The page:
World’s oldest ‘preserved’ heart discovered in Australia, 380 million years old


Australian archaeologists have discovered a fish with the oldest known heart, dating back 380 million years. Scientists claim that the findings of this study, led by Curtin University in Perth, explain the physical evolution of humans.

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The fish fossil was discovered in the Gogo Formation, in the Kimberley area of ​​Western Australia.

According to a statement from Curtin University, X-rays and neutron beams were used to scan the fish specimens, which were preserved in limestone concretions. The study was led by Professor Kate Trinajstic. Then 3D scans of their internal organs and tissues were taken.

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Once thought to be extinct, a research team has now discovered a 3-D model of the complicated s-shaped heart of an arthrodire, a type of jawfish. The research has been published in Science.

The findings will have far-reaching implications for evolutionary studies. Scientists have found that evolution often takes place in stages. However, these results imply a huge leap in evolutionary development between jaws and jawless animals. Hearts sat in the mouths of the extinct fish, just below their gills. Currently, sharks still have a similar structure. She went on to say that such traits in these animals were quite advanced and provided insight into the evolution of the jaws by revealing changes in the spine and skull.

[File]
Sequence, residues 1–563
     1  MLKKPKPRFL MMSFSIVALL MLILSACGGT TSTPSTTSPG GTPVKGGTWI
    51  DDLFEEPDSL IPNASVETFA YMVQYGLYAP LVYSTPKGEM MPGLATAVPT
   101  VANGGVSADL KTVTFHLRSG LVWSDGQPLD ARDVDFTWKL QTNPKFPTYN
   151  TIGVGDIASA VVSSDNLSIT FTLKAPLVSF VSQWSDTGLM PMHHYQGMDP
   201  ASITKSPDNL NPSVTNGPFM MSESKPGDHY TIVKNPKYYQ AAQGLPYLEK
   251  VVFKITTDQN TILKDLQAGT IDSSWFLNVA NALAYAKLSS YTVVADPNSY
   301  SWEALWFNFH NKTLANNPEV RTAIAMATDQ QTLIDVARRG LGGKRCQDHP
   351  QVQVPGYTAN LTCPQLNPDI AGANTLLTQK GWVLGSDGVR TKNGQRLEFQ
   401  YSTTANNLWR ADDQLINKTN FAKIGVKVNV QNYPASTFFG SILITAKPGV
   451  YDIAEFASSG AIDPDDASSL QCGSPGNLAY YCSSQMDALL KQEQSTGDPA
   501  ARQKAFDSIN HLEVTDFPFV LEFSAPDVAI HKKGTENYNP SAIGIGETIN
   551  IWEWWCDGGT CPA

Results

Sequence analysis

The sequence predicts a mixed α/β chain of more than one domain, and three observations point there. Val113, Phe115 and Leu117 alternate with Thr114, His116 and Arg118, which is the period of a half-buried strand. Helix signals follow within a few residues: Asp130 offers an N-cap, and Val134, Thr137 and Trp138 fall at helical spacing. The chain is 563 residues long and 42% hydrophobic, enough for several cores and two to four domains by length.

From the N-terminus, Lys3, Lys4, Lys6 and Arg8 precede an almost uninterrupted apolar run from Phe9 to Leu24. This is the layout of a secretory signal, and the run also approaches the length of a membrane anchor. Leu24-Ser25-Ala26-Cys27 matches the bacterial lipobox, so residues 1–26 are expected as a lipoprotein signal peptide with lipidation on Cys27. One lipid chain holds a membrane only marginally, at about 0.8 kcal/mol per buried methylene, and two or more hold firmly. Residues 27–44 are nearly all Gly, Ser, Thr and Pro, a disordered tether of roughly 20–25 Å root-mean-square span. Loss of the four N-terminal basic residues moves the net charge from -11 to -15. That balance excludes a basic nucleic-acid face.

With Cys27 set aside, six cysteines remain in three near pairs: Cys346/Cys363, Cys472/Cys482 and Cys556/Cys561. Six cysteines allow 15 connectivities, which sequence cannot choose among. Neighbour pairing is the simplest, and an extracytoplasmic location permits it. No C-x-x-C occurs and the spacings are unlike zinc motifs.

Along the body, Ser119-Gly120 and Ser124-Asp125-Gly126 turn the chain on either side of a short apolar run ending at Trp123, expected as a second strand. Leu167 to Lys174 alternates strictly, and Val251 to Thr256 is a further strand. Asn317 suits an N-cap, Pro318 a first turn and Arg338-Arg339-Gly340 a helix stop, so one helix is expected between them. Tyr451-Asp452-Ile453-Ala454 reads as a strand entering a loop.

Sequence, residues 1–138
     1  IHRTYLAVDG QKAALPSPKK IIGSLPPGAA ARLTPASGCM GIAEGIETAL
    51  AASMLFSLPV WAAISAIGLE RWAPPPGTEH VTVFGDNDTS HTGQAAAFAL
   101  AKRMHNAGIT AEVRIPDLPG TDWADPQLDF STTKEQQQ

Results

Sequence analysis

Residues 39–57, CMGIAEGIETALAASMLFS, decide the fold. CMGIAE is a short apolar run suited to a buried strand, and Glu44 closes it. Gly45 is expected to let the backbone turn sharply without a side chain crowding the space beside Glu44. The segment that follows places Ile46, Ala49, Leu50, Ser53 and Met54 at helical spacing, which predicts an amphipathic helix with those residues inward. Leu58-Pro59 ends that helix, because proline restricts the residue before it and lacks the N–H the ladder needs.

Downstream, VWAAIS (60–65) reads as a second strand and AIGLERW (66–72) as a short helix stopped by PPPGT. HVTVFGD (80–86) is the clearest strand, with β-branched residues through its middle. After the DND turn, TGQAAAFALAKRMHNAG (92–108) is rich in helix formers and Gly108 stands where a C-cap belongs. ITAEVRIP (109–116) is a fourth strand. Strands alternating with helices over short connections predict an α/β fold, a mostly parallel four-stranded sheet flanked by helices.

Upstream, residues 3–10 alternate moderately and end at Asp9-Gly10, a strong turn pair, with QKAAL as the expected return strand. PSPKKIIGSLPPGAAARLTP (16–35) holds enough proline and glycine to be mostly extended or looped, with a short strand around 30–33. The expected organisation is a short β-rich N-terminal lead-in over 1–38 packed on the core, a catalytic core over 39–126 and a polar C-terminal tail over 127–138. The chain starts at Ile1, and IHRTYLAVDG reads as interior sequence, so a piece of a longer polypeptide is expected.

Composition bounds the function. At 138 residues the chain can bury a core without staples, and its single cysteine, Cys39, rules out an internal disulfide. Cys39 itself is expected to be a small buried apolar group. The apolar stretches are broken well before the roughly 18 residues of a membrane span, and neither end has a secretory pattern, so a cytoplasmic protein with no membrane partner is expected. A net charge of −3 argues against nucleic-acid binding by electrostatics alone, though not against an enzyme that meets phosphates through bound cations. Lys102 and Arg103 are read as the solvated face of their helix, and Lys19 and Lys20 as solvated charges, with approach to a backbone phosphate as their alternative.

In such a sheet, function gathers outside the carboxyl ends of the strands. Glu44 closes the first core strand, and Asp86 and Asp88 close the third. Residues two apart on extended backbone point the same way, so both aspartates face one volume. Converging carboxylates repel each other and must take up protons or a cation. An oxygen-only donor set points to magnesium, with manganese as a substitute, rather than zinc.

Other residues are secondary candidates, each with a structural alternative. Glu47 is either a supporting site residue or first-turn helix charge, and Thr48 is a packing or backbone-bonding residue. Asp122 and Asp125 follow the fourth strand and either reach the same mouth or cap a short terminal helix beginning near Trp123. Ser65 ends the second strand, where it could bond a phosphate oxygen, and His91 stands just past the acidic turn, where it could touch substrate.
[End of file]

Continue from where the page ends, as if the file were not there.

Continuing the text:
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“Evolution is often thought of as a series of small steps, but these ancient fossils suggest there was a larger leap between jawless vertebrates and vertebrates. “These fish literally have their hearts in their mouths and under their gills — just like sharks do today,” said Professor Kate Trinajstic.

She added that the study provided important clues about how vertebrate anatomy evolved.

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“These features were advanced in such early vertebrates and offered a unique insight into how the head and neck region began to change to accommodate jaws, a critical stage in the evolution of our own bodies,” the statement said.



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